Great work Ralph!  I'll echo the previous comments on the plants and the dog - both are very hard to pull off convincingly.  I think you've done an admirable job with both, but I don't think they're up to the same very high standards as the VW. 

I'm also not convinced the three-tiered base is doing anything for you.  It's well done - don't get me wrong - but it seems fussy to me in a way that distracts from the really excellent work on the VW.

Just my two cents.

Personally I love the fact this group isn't afraid to give feedback. You said it right - we can't improve without input!
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Eric Zabilka
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« Reply #8 on: May 11, 2016, 08:59:42 PM »

... I'm also not convinced the three-tiered base is doing anything for you.  It's well done - don't get me wrong - but it seems fussy to me in a way that distracts from the really excellent work on the VW.
Just my two cents.
Personally I love the fact this group isn't afraid to give feedback. You said it right - we can't improve without input!
EZnKY, I should have explained the idea behind the base.
When I was planning the scene I originally planed on having two sections of the fence meeting at 90 degrees. The problem was that with a 90 degree corner section of fence would make it difficult to view the many details that I put in the van itself, so I decided to use only one small section of fence on a  circular base. Since I put so much into this model I wanted people to be able to view it easily so I installed a lazy Susan and the bottom base. So far it has served well, the few times I have had the dio in my LHS no one has even tried to touch it once they know it turns just by spinning the upper blue base.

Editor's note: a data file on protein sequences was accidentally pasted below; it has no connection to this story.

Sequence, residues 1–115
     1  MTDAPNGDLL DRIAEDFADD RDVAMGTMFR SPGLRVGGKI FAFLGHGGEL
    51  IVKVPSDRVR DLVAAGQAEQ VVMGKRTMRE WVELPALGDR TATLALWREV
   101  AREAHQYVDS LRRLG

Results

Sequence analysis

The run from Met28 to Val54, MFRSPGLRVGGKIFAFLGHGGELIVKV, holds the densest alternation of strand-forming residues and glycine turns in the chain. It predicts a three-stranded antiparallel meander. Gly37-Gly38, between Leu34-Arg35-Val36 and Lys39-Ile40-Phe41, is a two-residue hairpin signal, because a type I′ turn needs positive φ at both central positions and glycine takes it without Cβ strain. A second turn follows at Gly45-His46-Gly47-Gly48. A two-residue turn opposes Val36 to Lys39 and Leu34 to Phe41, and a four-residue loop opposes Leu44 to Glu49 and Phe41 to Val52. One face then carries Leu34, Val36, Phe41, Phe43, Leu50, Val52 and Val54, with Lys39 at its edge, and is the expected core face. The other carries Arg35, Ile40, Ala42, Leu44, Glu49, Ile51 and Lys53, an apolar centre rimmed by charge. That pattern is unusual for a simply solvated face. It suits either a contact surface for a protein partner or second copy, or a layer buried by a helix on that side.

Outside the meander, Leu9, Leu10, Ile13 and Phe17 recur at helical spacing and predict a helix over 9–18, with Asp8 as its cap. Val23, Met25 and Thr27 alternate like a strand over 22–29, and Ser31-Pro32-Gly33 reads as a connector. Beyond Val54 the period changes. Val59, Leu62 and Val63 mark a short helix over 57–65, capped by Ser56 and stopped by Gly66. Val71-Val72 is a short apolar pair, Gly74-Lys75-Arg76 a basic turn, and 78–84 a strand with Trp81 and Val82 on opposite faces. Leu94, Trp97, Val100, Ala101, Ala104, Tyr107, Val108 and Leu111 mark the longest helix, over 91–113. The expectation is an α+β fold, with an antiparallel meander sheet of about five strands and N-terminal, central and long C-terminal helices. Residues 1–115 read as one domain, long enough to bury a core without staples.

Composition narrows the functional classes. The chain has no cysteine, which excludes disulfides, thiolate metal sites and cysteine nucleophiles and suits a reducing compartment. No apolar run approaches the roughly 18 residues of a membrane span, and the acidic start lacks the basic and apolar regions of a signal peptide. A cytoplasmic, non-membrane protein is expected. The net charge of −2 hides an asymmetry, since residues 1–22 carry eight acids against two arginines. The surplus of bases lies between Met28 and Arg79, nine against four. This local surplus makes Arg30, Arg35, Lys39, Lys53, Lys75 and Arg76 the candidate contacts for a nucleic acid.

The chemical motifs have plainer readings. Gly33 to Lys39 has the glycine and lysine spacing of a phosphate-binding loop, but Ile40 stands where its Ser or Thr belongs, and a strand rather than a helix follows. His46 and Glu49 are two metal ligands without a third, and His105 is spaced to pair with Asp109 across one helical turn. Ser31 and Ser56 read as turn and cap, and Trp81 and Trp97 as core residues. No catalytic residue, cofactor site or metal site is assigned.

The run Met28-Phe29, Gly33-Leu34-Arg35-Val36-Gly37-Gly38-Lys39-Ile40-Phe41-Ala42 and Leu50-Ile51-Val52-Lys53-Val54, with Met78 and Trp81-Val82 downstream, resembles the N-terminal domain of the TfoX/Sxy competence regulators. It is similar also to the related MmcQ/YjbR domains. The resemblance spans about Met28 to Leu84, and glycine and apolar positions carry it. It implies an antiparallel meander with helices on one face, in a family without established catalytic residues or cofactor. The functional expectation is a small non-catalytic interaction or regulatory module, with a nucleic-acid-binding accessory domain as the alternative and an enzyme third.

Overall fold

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Ralph Renzetti
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« Reply #9 on: May 11, 2016, 09:30:08 PM »

Ahhhh...
It makes more sense now.
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Eric Zabilka
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« Reply #10 on: May 12, 2016, 08:21:33 AM »

Marty, you should have seen the dog before I made the alterations, as for the contest, I will be entering this in two local IPMS contest here in the Toronto area.

Russ, for the grass around the tree trunk, what are your suggestions. The grass I used was a mat form to which I added some of the sand and dirt I used for the rest of the diorama.

Thanks
Ralph
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Ralph Renzetti
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Bill Gill
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« Reply #11 on: May 12, 2016, 09:58:22 AM »

Ralph, I'm hesitant to critique modeling that is much better than what I could do. Your scene is excellently done and very interesting to examine.

In the nitpicking category here are a couple things that might be slightly adjusted:
The tall clumps of yellow grass in front of the bus look a little too compact at their bases and a bit too symmetrical in height and location, each fairly centered on the concrete blocks holding up the front end.

The color of the green grass by the side door looks lush compared to the rest of the vegetation, though that might be a result of the camera setting rather than viewing in person.

The ground looks very smooth and flat. Everything else seems to sit on top of it with no weight.